A101606


a(n) = number of divisors of n that have exactly three (not necessarily distinct) prime factors.


16



0, 0, 0, 0, 0, 0, 0, 1, 0, 0, 0, 1, 0, 0, 0, 1, 0, 1, 0, 1, 0, 0, 0, 2, 0, 0, 1, 1, 0, 1, 0, 1, 0, 0, 0, 2, 0, 0, 0, 2, 0, 1, 0, 1, 1, 0, 0, 2, 0, 1, 0, 1, 0, 2, 0, 2, 0, 0, 0, 3, 0, 0, 1, 1, 0, 1, 0, 1, 0, 1, 0, 3, 0, 0, 1, 1, 0, 1, 0, 2, 1, 0, 0, 3, 0, 0, 0, 2, 0, 3, 0, 1, 0, 0, 0, 2, 0, 1, 1, 2, 0, 1, 0, 2, 1
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OFFSET

1,24


COMMENTS

This is the inverse Moebius transform of A101605. If n = (p1^e1)*(p2^e2)* ... * (pj^ej) then a(n) = {k: ek>=3} + ((j1)/2)*{k: ek>=2} + C(j,3). The first term is the number of distinct cubes of primes in the factors of n (the first way of finding a 3almost prime). The second term is the number of distinct squares of primes, each of which can be multiplied by any of the other distinct primes, halved to avoid doublecounts (the second way of finding a 3almost prime). The third term is the number of distinct products of 3 distinct primes, which is the number of combinations of j primes taken 3 at a time, A000292(j), (the third way of finding a 3almost prime).


REFERENCES

Hardy, G. H. and Wright, E. M. Section 17.10 in An Introduction to the Theory of Numbers, 5th ed. Oxford, England: Clarendon Press, 1979.


LINKS

Antti Karttunen, Table of n, a(n) for n = 1..10000
E. A. Bender and J. R. Goldman, On the Applications of Moebius Inversion in Combinatorial Analysis, Amer. Math. Monthly 82, 789803, 1975.
M. Bernstein and N. J. A. Sloane, Some canonical sequences of integers, Linear Alg. Applications, 226228 (1995), 5772; erratum 320 (2000), 210. [Link to arXiv version]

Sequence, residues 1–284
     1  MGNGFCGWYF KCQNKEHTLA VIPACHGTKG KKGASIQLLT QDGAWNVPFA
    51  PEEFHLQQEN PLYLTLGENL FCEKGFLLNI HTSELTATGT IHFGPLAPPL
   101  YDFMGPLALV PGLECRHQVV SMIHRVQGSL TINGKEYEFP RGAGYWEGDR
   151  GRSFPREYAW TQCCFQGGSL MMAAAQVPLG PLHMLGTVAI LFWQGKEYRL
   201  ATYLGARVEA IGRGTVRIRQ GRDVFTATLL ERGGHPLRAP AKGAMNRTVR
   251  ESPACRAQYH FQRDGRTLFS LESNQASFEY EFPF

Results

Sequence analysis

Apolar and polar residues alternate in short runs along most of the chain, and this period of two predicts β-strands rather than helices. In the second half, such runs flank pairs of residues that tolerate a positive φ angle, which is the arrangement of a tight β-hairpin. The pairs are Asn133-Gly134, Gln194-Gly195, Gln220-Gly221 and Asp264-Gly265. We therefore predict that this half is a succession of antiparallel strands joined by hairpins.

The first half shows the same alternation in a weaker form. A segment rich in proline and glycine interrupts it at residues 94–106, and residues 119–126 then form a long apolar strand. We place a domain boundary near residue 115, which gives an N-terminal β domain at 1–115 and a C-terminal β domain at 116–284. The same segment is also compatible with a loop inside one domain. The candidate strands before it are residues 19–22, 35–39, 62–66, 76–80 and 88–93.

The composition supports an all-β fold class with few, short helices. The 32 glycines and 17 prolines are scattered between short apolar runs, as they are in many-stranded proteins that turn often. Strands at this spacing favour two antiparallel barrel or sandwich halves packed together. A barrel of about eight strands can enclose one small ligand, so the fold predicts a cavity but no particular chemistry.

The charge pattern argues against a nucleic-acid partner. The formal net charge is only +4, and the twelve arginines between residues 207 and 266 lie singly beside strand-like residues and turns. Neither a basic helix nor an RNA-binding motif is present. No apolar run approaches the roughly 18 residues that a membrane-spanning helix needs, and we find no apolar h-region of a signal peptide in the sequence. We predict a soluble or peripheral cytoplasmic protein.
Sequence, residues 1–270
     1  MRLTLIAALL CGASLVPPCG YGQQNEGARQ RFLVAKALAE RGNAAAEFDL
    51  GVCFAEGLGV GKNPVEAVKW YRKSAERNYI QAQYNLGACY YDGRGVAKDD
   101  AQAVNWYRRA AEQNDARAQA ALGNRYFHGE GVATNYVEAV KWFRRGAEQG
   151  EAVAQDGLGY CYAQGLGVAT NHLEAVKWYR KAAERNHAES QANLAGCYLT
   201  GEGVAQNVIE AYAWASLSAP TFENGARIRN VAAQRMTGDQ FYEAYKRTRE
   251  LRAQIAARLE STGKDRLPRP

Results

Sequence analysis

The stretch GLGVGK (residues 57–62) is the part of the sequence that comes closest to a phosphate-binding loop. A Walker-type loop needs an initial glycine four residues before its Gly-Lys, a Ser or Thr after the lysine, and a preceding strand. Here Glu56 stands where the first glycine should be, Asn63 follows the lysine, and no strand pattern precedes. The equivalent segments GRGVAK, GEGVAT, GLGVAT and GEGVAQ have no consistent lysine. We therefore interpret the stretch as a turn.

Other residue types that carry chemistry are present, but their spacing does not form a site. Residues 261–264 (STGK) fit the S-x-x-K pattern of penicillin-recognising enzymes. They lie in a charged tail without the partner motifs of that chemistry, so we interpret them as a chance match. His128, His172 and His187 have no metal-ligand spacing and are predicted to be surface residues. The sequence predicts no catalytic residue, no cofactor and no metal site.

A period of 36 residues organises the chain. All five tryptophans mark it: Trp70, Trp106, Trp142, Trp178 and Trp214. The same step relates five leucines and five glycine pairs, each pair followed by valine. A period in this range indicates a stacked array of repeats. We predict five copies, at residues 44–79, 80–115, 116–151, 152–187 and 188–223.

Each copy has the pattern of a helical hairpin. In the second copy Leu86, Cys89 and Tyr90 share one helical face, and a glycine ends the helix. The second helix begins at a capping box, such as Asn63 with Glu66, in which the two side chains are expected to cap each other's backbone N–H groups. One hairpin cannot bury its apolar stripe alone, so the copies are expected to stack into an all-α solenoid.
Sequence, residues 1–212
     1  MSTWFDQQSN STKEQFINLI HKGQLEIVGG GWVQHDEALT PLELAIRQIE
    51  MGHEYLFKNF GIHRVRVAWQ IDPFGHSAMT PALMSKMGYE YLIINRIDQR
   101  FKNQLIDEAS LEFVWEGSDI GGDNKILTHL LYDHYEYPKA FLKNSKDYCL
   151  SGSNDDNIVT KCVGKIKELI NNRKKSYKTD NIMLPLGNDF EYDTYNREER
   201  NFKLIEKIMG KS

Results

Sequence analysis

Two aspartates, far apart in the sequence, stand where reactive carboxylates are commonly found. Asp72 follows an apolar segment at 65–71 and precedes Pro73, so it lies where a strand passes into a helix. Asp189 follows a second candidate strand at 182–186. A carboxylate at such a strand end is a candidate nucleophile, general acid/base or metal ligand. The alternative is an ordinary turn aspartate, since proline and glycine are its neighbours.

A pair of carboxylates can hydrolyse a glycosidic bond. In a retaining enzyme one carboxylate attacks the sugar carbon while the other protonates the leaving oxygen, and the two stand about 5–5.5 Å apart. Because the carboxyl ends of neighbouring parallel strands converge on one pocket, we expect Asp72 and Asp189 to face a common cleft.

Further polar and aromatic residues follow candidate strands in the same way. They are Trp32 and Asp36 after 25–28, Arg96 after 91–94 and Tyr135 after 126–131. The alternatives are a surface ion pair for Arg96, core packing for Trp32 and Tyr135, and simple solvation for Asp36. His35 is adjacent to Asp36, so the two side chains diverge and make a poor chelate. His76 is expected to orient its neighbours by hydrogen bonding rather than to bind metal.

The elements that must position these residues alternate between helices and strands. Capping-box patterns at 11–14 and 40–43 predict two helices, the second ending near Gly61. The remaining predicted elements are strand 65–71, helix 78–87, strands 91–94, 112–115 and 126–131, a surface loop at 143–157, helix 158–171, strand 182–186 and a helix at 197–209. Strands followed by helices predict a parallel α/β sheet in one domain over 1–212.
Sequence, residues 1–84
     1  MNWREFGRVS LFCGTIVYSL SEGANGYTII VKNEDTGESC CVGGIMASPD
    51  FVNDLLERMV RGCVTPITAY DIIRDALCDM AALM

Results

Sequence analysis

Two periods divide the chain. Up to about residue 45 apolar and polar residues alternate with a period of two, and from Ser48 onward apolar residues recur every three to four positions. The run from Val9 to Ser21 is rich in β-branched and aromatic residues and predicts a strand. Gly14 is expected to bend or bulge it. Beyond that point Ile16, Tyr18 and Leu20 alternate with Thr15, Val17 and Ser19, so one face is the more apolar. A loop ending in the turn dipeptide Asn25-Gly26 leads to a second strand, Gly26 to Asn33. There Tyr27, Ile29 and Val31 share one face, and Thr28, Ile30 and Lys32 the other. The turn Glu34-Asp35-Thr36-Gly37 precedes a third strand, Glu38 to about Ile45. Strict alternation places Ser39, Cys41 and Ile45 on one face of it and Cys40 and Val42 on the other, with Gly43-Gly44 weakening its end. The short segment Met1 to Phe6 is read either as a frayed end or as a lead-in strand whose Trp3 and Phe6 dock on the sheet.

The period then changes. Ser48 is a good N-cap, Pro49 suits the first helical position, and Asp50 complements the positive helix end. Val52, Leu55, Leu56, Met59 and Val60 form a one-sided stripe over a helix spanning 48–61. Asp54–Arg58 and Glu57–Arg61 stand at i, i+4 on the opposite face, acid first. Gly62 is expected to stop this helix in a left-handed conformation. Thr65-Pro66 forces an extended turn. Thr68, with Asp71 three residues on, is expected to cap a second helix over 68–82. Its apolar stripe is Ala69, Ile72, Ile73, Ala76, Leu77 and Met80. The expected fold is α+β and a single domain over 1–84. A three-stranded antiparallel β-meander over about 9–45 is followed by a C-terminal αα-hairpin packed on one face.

M. Bernstein and N. J. A. Sloane, Some canonical sequences of integers, Linear Alg. Applications, 226228 (1995), 5772; erratum 320 (2000), 210. [Link to Lin. Alg. Applic. version together with omitted figures]
Eric Weisstein's World of Mathematics, Almost Prime.
Eric Weisstein's World of Mathematics, Moebius Transform.
Index entries for sequences computed from exponents in factorization of n


FORMULA

If n = (p1^e1 * p2^e2 * ... * pj^ej) for primes p1, p2, ..., pj and integer exponents e1, e2, ..., ej, then a(n) = a(n) = {k: ek>=3} + ((j1)/2)*{k: ek>=2} + C(j, 3). where C(j, 3) is the binomial coefficient A000292(j).
a(n) = Sum_{dn} A101605(d).  Antti Karttunen, Jul 23 2017


EXAMPLE

a(60) = 3 because of all the divisors of 60 only these three are terms of A014612: 12 = 2 * 2 * 3; 20 = 2 * 2 * 5; 30 = 2 * 3 * 5.


MAPLE

isA014612 := proc(n) option remember ; RETURN( numtheory[bigomega](n) = 3) ; end: A101606 := proc(n) a :=0 ; for d in numtheory[divisors](n) do if isA014612(d) then a := a+1 ; fi; od: a ; end: for n from 1 to 120 do printf("%d, ", A101606(n)) ; od: # R. J. Mathar, Jan 27 2009


MATHEMATICA

a[n_] := DivisorSum[n, Boole[PrimeOmega[#] == 3]&];
Array[a, 105] (* JeanFrançois Alcover, Nov 14 2017 *)


PROG

(PARI) A101606(n) = sumdiv(n, d, (3==bigomega(d))); \\ Antti Karttunen, Jul 23 2017


CROSSREFS

Cf. A101605, A014612, A001358, A064911, A001221, A000005, A000010, A004018, A000292.
Sequence in context: A128582 A213185 A285716 * A257469 A275947 A125005
Adjacent sequences: A101603 A101604 A101605 * A101607 A101608 A101609


KEYWORD

easy,nonn


AUTHOR

Jonathan Vos Post, Dec 09 2004


EXTENSIONS

a(48) replaced with 2 and a(76) replaced with 1 by R. J. Mathar, Jan 27 2009
Name changed by Antti Karttunen, Jul 23 2017


STATUS

approved